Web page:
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Clarification of the Use of Telecommunications Relay Services (TRS) and the Health Insurance Portability and Accountability Act (HIPAA)

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Federal Communications Commission.




In this document, the Commission clarifies that the use of Telecommunications Relay Services (TRS) programs to facilitate telephone calls between health care professionals and patients, when one of the parties to the call has a hearing or speech disability, does not violate the Privacy Rule of the Health Insurance Portability and Accountability Act (HIPAA). This document also clarifies that, consistent with HIPAA, a covered entity, such as a doctor or other health care professional, can contact a patient using TRS without requiring the TRS facility or individual communications assistants (CAs) to sign a disclosure agreement (what HIPAA generally refers to a “business associate contract”).


Effective June 16, 2004.


Federal Communications Commission, 445 12th Street, SW., Washington, DC 20554.

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Traci Randolph, (202) 418-0569 (voice), (202) 418-0537 (TTY), or e-mail

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This is a summary of the Commission's Public Notice, DA 04-1716 released June 16, 2004.

The full text of this document is available for public inspection and copying during regular business hours at the FCC Reference Information Center, Portals II, 445 12th Street, SW., Room CY-A257, Washington, DC 20554. This document may be purchased from the Commission's duplicating contractor, Best Copy and Printing, Inc., Portals II, 445 12th Street, SW., Room CY-B402, Washington, DC 20554. Customers may contact BCPI, Inc. at their Web site: or call 1-800-378-3160.

To request this document in accessible formats for people with disabilities (Braille, large print, electronic files, audio format), send an e-mail to or call the Consumer & Governmental Affairs Bureau at (202) 418-0530 (voice), (202) 418-0432 (TTY). This Public Notice can also be downloaded in Word and Portable Formats at​cgb/​dro.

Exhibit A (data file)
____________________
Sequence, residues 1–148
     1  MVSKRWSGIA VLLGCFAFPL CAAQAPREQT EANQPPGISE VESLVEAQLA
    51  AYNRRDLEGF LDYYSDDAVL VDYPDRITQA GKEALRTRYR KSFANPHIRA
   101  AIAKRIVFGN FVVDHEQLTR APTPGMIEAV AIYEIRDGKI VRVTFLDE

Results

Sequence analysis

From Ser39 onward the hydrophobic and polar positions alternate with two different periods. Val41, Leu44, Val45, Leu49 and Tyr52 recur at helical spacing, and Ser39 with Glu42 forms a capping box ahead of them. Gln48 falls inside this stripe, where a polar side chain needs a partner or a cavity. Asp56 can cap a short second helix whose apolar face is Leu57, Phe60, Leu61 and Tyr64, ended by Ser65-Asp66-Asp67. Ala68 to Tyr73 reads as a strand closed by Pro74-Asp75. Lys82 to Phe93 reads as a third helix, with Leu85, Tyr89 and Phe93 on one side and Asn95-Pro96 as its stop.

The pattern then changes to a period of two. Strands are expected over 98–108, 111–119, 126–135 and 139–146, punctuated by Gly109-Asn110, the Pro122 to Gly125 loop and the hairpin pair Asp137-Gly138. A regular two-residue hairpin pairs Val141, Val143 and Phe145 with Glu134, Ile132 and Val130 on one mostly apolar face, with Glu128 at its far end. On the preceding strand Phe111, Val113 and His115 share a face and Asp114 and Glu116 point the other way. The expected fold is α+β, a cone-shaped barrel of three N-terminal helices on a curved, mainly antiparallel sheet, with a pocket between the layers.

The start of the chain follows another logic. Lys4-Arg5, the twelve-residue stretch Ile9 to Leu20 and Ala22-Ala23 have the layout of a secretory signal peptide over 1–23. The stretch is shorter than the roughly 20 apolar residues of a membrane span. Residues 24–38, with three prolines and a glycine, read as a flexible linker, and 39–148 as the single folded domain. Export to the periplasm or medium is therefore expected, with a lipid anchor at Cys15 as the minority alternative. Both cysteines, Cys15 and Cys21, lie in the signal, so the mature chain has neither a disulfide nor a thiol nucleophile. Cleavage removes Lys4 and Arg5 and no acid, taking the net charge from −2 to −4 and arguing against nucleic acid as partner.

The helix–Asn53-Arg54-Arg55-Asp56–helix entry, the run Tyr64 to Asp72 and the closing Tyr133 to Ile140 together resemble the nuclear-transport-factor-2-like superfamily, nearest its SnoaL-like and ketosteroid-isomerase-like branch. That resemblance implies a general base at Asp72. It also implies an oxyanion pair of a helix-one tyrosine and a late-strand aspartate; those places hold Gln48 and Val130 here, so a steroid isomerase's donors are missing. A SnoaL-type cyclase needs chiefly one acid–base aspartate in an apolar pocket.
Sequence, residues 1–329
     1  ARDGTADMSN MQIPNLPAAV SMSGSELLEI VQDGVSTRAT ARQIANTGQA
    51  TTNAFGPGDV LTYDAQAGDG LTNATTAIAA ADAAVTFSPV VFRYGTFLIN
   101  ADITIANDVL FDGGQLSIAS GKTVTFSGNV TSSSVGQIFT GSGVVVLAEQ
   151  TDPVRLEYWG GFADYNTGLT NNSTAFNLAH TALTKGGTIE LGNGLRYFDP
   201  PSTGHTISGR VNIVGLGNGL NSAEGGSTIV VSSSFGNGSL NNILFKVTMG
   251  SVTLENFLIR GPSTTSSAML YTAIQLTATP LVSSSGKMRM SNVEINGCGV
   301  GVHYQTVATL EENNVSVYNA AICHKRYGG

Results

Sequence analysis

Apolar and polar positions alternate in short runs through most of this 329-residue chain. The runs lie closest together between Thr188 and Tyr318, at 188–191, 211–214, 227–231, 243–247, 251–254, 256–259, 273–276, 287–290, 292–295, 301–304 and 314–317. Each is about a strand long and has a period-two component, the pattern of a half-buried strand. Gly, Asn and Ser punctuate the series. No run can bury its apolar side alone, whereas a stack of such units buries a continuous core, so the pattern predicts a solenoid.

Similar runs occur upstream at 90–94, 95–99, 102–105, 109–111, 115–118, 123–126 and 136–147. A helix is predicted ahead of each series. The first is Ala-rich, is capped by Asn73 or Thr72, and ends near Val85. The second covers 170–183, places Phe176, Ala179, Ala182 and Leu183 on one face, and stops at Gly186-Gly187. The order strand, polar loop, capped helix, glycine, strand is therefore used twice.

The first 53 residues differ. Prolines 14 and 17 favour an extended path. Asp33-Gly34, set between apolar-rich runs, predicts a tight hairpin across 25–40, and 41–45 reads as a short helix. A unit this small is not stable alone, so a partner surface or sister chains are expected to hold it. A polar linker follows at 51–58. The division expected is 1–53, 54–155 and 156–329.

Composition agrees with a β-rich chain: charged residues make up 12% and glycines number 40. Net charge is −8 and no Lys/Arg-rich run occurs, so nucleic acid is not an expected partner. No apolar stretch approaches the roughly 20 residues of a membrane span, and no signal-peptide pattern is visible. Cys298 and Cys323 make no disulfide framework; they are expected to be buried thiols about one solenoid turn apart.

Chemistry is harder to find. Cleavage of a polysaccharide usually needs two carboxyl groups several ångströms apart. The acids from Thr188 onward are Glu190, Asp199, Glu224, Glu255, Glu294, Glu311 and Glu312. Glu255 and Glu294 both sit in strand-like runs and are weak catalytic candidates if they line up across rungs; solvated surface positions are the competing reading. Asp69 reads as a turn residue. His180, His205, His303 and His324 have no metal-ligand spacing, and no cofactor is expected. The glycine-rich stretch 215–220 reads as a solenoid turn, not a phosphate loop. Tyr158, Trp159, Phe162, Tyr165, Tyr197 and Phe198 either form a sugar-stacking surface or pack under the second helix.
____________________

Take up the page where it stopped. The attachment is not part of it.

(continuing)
As background, TRS, as mandated by Title IV of the Americans with Disabilities Act of 1990, makes the telephone system accessible to individuals with hearing or speech disabilities. See 47 U.S.C. 225. This is accomplished through TRS facilities that are staffed by specially trained CAs using special technology. The CA relays conversations between persons using various types of assistive communication devices and persons who do not require such assistive devices. Department of Health and Human Services (HHS) enacted HIPAA in 1996, which included provisions mandating the adoption of federal privacy protections for individual's health information. See Public Law Number 104-191 (1996). In response to the HIPAA mandate, HHS published the Privacy Rule, stating that as of April 14, 2003 (April 14, 2004, for small health plans), covered entities must implement Start Printed Page 41265standards to protect and guard against the misuse of individually identifiable health information. See 45 CFR Parts 160 and 164. Some health professionals have been concerned that contacting patients and discussing health related information via TRS poses a possible violation of the Privacy Rule because a “third party,” the TRS CA, hears the information being discussed as the call is relayed. Some state TRS facilities have informed the FCC that health professionals are requiring all of the facility's CAs to sign disclosure forms before they will use TRS to contact patients with hearing or speech disabilities.

We therefore emphasize that all forms of TRS, including “traditional” TTY based relay, Internet Protocol (IP) Relay, Video Relay Service (VRS), and Speech-to-Speech (STS), can be used to facilitate calls between health care professionals and patients without violating HIPPA's Privacy Rule. For further information on this issue see HHS's FAQ sheet which is available at​ocr/​hipaa or on the FCC's Disability Rights Office's Web site at​cgb/​dro/​trs.html.

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Federal Communications Commission.

P. June Taylor,

Chief of Staff, Consumer & Governmental Affairs Bureau.

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[FR Doc. 04-15539 Filed 7-7-04; 8:45 am]